In times of uncertainty, can businesses and the Voluntary, Community and Social Enterprise Sector work together to make meaningful change and support communities?

In spring this year, we launched the Tees Valley Business Volunteering Challenge with the aim of connecting large commercial organisations with voluntary, community and social enterprises (VCSE) to develop innovative opportunities for Environmental, Social and Governance (ESG) and Corporate Social Responsibility (CSR) to improve volunteering, engagement and VCSE development. Throughout the innovative Tees Valley Business Challenge programme, funded by Government Community Renewal funds, we worked with large and small businesses to create new challenge-led innovations using people-centred design. This work ventured into the areas of fuel poverty and affordable warmth, creating new ways of supporting employees’ mental health and wellbeing, reducing anxiety in hospitals through product redesign, transformational digital efficiencies, and decarbonising manufacturing.

What has the challenge led to so far?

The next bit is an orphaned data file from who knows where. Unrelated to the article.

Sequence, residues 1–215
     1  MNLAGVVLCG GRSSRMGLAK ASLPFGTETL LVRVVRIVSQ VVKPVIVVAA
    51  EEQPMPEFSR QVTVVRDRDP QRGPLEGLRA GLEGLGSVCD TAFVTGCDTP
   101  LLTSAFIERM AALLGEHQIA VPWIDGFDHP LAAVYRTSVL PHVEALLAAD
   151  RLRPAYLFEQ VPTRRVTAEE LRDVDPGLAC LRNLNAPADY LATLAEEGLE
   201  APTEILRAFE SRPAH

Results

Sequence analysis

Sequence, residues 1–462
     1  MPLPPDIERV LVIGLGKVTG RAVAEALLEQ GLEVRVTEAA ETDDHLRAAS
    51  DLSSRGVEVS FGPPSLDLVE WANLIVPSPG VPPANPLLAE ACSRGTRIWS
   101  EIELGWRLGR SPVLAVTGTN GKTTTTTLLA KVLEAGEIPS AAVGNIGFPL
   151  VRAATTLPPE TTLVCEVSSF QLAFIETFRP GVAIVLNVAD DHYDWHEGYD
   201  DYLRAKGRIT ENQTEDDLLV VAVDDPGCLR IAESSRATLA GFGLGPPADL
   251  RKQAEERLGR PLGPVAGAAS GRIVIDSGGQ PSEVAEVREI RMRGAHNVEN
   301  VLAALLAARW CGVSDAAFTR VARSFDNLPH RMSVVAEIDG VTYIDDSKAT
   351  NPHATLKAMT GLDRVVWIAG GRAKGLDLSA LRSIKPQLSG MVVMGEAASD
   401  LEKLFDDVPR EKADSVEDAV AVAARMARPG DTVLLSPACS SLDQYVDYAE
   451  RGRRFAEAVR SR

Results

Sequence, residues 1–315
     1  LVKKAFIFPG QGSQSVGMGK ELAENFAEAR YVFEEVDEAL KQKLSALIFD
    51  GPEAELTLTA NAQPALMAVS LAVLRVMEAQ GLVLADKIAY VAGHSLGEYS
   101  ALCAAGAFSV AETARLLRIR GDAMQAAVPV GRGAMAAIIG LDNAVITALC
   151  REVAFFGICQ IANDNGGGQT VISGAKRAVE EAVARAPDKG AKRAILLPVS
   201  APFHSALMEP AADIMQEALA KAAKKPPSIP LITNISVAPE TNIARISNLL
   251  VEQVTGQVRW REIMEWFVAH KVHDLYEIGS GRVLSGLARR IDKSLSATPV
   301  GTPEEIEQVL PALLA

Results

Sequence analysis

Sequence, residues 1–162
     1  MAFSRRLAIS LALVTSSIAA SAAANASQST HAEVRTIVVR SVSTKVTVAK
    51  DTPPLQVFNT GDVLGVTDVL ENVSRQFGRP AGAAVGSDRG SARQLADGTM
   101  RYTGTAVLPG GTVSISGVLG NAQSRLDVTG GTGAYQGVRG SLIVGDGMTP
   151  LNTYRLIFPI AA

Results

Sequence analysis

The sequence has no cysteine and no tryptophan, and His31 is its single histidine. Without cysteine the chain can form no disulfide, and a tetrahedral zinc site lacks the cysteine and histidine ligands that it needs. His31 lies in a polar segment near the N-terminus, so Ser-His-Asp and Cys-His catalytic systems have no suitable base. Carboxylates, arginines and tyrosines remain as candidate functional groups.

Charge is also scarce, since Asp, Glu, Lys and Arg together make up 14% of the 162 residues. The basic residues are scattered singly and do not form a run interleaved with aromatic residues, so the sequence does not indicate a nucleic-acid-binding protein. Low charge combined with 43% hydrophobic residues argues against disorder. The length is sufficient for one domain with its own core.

The programme aimed to strengthen innovation maturity, build resilience for post covid recovery and unlock growth potential within the Tees Valley area. It will take time to understand the true value and impact that the programme has delivered considering the scope of ambition and the 6-9 month timeline allocated to these aims. What I can say is that I have had the pleasure of working with a number of large organisations including St John Ambulance, National Energy Action, Accenture, Newcastle Building Society and Womble Bond Dickinson to name just a few. I have also worked with small and medium sized organisations from sole traders to more established businesses who are at the forefront of new product and service development that are agile, responsive, eager to collaborate and respond to large organisations’ challenges. One particular business described the Tees Valley Business Challenge programme as having ‘catapulted’ their business forward and has paved the way for turning their ideas into reality.